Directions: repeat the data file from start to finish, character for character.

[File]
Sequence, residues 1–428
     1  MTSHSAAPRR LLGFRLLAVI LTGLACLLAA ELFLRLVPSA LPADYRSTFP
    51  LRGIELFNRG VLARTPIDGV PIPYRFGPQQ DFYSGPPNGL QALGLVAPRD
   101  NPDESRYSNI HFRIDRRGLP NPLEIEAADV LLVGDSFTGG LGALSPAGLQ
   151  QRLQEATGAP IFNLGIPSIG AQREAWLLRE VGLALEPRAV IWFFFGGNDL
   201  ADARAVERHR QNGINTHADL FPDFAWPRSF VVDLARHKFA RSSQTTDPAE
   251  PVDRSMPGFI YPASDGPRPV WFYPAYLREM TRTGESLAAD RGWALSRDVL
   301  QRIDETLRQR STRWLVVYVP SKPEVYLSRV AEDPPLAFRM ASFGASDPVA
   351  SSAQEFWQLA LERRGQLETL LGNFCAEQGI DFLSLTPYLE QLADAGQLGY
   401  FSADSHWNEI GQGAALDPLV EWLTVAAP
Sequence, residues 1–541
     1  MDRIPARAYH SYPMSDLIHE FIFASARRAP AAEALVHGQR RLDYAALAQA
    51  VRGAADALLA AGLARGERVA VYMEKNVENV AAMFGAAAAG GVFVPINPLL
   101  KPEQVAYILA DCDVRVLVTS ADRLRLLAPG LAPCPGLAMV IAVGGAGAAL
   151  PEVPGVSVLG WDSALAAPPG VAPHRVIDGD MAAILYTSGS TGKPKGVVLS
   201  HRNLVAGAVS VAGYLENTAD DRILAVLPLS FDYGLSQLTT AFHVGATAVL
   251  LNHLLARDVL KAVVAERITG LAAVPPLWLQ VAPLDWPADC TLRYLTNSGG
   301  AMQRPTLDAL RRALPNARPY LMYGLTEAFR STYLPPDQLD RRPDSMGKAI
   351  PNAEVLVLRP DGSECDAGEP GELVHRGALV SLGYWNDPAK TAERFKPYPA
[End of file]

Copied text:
Sequence, residues 1–428
     1  MTSHSAAPRR LLGFRLLAVI LTGLACLLAA ELFLRLVPSA LPADYRSTFP
    51  LRGIELFNRG VLARTPIDGV PIPYRFGPQQ DFYSGPPNGL QALGLVAPRD
   101  NPDESRYSNI HFRIDRRGLP NPLEIEAADV LLVGDSFTGG LGALSPAGLQ
   151  QRLQEATGAP IFNLGIPSIG AQREAWLLRE VGLALEPRAV IWFFFGGNDL
   201  ADARAVERHR QNGINTHADL FPDFAWPRSF VVDLARHKFA RSSQTTDPAE
   251  PVDRSMPGFI YPASDGPRPV WFYPAYLREM TRTGESLAAD RGWALSRDVL
   301  QRIDETLRQR STRWLVVYVP SKPEVYLSRV AEDPPLAFRM ASFGASDPVA
   351  SSAQEFWQLA LERRGQLETL LGNFCAEQGI DFLSLTPYLE QLADAGQLGY
   401  FSADSHWNEI GQGAALDPLV EWLTVAAP
Sequence, residues 1–541
     1  MDRIPARAYH SYPMSDLIHE FIFASARRAP AAEALVHGQR RLDYAALAQA
    51  VRGAADALLA AGLARGERVA VYMEKNVENV AAMFGAAAAG GVFVPINPLL
   101  KPEQVAYILA DCDVRVLVTS ADRLRLLAPG LAPCPGLAMV IAVGGAGAAL
   151  PEVPGVSVLG WDSALAAPPG VAPHRVIDGD MAAILYTSGS TGKPKGVVLS
   201  HRNLVAGAVS VAGYLENTAD DRILAVLPLS FDYGLSQLTT AFHVGATAVL
   251  LNHLLARDVL KAVVAERITG LAAVPPLWLQ VAPLDWPADC TLRYLTNSGG
   301  AMQRPTLDAL RRALPNARPY LMYGLTEAFR STYLPPDQLD RRPDSMGKAI
   351  PNAEVLVLRP DGSECDAGEP GELVHRGALV SLGYWNDPAK TAERFKPYPA